Trapped In the Backlot

Pickup On South Street is the most claustrophobic American film before Psycho. Hitchcock's lament for the aridity of the modern age focused on “private traps.” Sam Fuller's 1953 noir, the finest distillation of his tabloid sensibility, is about public traps: the confinement of rigid political identity, the division of society into citizens and criminals, the solely economic line that separates pauperhood from respectability. The macguffin here is a piece of microfilm that, in the opening scene, is being ferried to communist agents by the unwitting courier Candy (Jean Peters) but gets stolen en route by the pickpocket Skip McCoy (Richard Widmark). The picture is a race to convince Skip to turn over the film and forgo the big score he expects from selling it.

But the whole plot is a macguffin. Fuller—the democratic integrationist deeply suspicious of all forms of tyranny, and of a patriotism that's mere puffery—cares less about his picture's ostensible Cold War politics (stupidly condemned by both left-wing critics and J. Edgar Hoover) than about how Skip, Candy and Thelma Ritter's Moe—the aging peddler who makes her real living as a police informant—have been sealed off by society's fixed perceptions. Candy, the type of character who used to be called a good-time girl, knows her options are limited and is ripe for the pressure exerted by her ex Joey (a sweating, oleaginous Richard Kiley), the communist agent who uses her to convey the secrets he filches.

Skip, facing life in the pen with three convictions already on his jacket, refuses to believe the promises of exasperated cop Tiger (Murvyn Vye), that he won't be prosecuted if he just turns over the film. The system has never done Skip a good turn, so he's in no mood to listen to or trust Tiger's patriotic exhortations. The only person here who achieves nobility is Moe, also the most poignant because her lowly status hasn't eclipsed her sense of duty to something bigger than herself. “Even in our crummy line of business, you gotta draw the line somewhere,” she says, and this woman whom the cops treat as an amusing local color is also the only character who instinctively stands up for the principles they are charged with defending.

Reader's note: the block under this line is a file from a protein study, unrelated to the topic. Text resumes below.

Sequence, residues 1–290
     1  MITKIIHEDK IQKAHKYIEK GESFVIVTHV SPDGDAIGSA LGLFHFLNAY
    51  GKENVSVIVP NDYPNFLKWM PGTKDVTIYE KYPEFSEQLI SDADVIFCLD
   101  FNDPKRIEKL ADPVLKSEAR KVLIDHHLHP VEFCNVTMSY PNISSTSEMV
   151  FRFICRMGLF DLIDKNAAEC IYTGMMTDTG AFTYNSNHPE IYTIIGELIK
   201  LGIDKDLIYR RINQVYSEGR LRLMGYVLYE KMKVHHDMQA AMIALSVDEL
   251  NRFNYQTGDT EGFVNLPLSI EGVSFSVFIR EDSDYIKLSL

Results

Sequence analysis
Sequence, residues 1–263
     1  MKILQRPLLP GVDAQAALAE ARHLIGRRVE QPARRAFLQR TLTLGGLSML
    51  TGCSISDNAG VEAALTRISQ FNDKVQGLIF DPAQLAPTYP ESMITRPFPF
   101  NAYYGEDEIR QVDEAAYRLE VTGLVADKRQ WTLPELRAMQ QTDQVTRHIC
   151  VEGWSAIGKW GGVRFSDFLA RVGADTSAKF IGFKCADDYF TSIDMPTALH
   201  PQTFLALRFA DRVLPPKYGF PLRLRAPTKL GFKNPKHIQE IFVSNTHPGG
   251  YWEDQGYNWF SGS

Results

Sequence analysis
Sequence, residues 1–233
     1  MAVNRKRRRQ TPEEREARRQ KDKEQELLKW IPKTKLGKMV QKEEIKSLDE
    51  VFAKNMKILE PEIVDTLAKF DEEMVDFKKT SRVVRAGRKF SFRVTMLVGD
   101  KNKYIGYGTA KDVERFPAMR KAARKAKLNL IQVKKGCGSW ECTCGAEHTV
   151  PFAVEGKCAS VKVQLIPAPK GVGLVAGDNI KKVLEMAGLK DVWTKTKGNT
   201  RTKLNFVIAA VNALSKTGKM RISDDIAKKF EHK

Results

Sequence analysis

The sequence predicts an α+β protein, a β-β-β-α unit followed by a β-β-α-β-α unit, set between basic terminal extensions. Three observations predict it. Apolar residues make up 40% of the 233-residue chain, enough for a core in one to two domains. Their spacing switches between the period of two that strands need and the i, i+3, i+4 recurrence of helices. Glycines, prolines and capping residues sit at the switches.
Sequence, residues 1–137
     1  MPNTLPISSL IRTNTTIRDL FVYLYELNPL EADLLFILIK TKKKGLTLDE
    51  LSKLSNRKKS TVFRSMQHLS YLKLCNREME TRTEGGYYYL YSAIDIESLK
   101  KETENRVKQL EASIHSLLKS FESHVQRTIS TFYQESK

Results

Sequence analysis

Shooting on the 20th Century Fox backlot (rather than on location in New York, as he had hoped), Fuller captures the feeling not just of being trapped, but also of choosing your trap. Skip lives squirreled in a waterfront shack, impervious to the vista outside. Moe retreats to her dark rented room, its shabbiness given poignancy by the small artifacts, a Victrola and china cups, with which she tries to impart some grace. The cruelest trap is Candy's apartment. When Joey turns on her, Fuller and cinematographer Joseph MacDonald abandon their prominent use of close-ups and pull the camera back to a wide-angle view and the exact parameters of the space in which she's cornered. The square and crowded frame teems with angles, corners, shadows, cubbyholes. In their final confrontation, Skip and Joey slug it out on the subway tracks, two rats squabbling for the upper hand. In their clinches, Widmark and Peters are given the tight, slightly blurred close-ups George Stevens afforded Elizabeth Taylor and Montgomery Clift in A Place In the Sun, but we're always aware of how each is working the other. And in their first encounter, on the hot crowded subway train where Skip rifles her purse, the claustrophobia has a steamy wit, with editor Nick DiMaggio cutting between Skip delicately fingering the clasp of Candy's handbag and an unaware Candy biting her lip as if in erotic anticipation.

As good as are Widmark, with his proto-Method grin, and Peters, with her tawny, untutored naturalism, this is Thelma Ritter's movie. She transforms what could have been no more than a colorful eccentric to a figure of unshakable dignity. The dream Moe works toward, a grave on Long Island rather than in a potter's field, is the movie's ultimate expression of confinement: deliverance as the respectability a better neighborhood affords. Moe describes herself as an old clock winding down, and watching Ritter, you feel as if you can see every step, every breath leeching the life out of her. Her exit, in which Fuller discreetly and devastatingly allows his camera to drift to Moe's bedside Victrola and the needle going off the 78, recalls Truffaut's words about the famous bowling alley shooting in Scarface: “This isn't literature. It may be dance or poetry. It is certainly cinema.”

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